Yes, I am a princess and perhaps as a result of that, I was comfortable in the setting and body language, airs and graces. Having said that, Gayatri is a different personality. But there are similarities too. Like Gayatri, even I have a sense of self-righteousness. I also feel that I am misunderstood, that I am a nice person and always thinking about how to make people happy. But at the end of the day, we are all selfish. We just have to recognise when we are being selfish. Sometimes, I also struggle with that. I could relate to my character in certain ways but there were things that were challenging.  Certainly, the dynamics between the sisters was challenging because I usually get along well with people around me. I got along well with Lara, Kritika and Anya but suddenly on-screen, it had to be the exact opposite. Also, being in a conflict situation with Naseer Sahab and being dismissive of him was very difficult. I have so much respect for him as an actor. 

People are calling Kaun Banegi Shikharwati India’s answer to Squid Game. What’s your reaction to this comparison?

(Laughs) Maybe this is because of the tracksuit and the chaos. Nobody had heard of Squid Game when we were shooting for Kaun Banega Shikharwati. As our director (Gauravv Chawla) says, "We did it first." In 2021, on Halloween, we were deciding what to wear. I called Gauravv and asked if I can take my tracksuit from the trunk to dress up as someone from Squid Game. The outfits were similar. Kaun Banega Shikharwati is certainly not as gory as Squid Game but it is quite brutal in certain ways. 

This is your first project after Inaaya Naumi Kemmu’s birth. What were the challenges you faced as a working mother?

It is your own guilt you have to come to terms with. My child was lovely and she couldn’t care less because she was having a blast in Rajasthan. She has a wonderful nanny. It is all because of Shobha that I am able to have a social and professional life. On the sets, everyone was very sensitive to the fact that I wasn’t just a mother but a crazy mother. They were accommodating even when I said I have to go home at 7.30 pm to do bedtime with my daughter and come back at 8.30 pm. They knew that by 8, I would get hysterical. I am grateful to them. It is difficult to be a working mother without a supportive environment.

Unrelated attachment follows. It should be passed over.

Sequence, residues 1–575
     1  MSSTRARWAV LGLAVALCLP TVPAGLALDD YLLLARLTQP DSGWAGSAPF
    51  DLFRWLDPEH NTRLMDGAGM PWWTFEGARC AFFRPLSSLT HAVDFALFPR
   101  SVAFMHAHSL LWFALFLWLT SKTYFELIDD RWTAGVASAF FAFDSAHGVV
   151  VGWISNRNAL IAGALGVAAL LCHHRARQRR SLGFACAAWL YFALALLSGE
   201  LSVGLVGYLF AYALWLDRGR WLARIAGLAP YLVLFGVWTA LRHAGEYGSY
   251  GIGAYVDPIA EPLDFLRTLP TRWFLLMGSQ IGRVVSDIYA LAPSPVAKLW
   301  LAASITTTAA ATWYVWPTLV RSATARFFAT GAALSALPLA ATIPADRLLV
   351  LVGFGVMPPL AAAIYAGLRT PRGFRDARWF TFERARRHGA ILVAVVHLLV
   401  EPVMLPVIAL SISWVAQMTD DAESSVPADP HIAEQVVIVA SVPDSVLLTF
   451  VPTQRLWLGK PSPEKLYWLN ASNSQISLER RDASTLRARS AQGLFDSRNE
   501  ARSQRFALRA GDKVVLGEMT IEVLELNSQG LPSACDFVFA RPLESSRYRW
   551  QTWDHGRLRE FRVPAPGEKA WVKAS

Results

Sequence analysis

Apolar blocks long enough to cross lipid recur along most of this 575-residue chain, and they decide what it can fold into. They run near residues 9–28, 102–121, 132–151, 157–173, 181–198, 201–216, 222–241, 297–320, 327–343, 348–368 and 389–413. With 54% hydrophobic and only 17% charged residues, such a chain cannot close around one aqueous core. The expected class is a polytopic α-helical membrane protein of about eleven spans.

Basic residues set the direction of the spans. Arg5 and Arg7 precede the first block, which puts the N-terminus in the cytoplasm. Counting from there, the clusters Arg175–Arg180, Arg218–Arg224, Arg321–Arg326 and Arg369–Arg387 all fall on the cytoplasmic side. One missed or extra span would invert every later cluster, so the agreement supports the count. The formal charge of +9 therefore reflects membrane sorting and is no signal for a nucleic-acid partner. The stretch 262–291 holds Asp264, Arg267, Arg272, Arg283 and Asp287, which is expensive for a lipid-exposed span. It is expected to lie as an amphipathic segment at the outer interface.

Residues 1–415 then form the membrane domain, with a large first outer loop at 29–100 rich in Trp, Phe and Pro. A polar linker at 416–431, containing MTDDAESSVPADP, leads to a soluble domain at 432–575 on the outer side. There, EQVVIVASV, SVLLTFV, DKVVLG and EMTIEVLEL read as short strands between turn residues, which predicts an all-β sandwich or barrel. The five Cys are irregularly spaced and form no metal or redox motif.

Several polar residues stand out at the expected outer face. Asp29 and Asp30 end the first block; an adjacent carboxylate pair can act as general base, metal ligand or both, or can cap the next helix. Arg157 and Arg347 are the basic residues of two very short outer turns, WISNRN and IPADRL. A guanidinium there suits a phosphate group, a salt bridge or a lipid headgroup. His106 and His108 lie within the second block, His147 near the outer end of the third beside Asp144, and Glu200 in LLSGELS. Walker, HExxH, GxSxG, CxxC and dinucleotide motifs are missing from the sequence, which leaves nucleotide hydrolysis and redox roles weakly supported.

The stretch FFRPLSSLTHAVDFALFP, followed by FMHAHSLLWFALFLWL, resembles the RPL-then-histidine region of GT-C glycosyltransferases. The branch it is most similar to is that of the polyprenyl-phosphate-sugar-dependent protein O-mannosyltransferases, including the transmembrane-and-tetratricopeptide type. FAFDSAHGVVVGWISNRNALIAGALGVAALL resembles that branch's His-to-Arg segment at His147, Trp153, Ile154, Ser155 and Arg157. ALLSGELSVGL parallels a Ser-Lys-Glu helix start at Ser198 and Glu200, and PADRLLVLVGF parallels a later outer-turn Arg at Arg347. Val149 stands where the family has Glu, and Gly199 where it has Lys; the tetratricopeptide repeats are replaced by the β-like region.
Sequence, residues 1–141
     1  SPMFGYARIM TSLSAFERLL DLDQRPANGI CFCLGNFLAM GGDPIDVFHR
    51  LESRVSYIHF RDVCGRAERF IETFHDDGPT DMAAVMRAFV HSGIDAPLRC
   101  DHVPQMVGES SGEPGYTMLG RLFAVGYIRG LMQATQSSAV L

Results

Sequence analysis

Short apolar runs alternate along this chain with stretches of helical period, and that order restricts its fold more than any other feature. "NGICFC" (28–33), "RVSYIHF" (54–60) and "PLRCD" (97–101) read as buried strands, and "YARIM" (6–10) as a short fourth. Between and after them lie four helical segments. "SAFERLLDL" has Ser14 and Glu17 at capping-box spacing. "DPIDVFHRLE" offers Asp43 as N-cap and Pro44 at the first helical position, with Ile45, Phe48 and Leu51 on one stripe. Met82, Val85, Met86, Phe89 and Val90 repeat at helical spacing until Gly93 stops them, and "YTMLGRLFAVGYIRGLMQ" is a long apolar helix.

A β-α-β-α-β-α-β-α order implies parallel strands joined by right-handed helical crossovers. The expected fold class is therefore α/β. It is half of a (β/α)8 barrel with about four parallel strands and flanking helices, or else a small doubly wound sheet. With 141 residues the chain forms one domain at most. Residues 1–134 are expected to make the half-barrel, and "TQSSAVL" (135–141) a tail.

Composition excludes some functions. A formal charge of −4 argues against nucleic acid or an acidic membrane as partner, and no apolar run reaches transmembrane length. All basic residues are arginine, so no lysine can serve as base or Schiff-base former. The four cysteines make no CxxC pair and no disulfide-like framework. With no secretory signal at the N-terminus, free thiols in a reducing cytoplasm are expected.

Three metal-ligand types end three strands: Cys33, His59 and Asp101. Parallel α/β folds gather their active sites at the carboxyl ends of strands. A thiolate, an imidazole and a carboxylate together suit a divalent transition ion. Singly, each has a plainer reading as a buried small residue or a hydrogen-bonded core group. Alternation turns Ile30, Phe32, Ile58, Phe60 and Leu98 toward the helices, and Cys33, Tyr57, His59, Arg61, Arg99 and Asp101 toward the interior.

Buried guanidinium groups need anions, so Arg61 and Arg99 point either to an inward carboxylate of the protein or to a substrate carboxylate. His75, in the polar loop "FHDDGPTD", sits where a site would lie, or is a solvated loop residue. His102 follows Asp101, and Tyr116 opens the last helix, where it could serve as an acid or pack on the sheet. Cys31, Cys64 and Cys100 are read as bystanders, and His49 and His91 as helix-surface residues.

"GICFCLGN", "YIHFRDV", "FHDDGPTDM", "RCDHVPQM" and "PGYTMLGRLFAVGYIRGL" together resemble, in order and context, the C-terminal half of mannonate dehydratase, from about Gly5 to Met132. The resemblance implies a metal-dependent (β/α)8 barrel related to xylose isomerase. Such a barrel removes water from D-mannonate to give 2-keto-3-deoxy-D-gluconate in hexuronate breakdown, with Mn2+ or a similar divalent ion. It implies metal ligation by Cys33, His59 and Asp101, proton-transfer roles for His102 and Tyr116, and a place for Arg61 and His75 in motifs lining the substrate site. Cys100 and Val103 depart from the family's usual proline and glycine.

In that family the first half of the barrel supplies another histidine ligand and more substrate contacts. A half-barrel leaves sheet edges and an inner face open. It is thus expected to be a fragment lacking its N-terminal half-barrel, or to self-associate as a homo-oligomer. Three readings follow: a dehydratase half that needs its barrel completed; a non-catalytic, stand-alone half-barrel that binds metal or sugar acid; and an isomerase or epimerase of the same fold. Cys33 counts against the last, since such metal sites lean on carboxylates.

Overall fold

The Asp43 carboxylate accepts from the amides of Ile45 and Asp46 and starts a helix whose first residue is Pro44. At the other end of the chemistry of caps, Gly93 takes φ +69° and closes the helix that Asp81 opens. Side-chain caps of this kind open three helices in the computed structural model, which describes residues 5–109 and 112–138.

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You’ve been in the industry for 18 years. Do you see any change in the kinds of roles offered to female actors now?

Absolutely, I am seeing a wonderful change. There are roles for women in their 40s whereas earlier, you would either be the heroine or the hero’s mother. There was nothing for women in their 40s. Now, if I go to Linking Road, I see posters of Sushmita Sen, Raveena Tandon and Shefali Shah everywhere. They are wonderful actors. People, who didn’t get their dues, are being celebrated today. Instead of wanting to escape, people are wanting to see themselves on screen. You see so many women making films, writing shows and you see them being better represented.   

Being the daughter of Sharmila Tagore, do fans' expectations bother you? 

No. My parents, being superstars, didn’t have any expectations from me. My father said the goal in life is to be happy. That’s completely how I see life. I am not overambitious. Of course, everyone wants to be comfortable. You want to be occupied, professionally, otherwise, you tend to go crazy. You want to earn a certain amount of money because you want to be secure and comfortable. Beyond that, I don’t think I am threatened or insecure about what other people do. Often, we are comparing our success to another person’s success. We often feel someone else’s success is equal to our failure, which is not the case. You have to carve out your own goals, pursue what makes you happy and stop looking at other people and their journeys. I have been inherently very secure and followed my father’s advice to be happy. I do read people’s feedback, negative comments, criticism and when it makes sense, I try to include it in my process but it never brings me down. I am thick-skinned that way.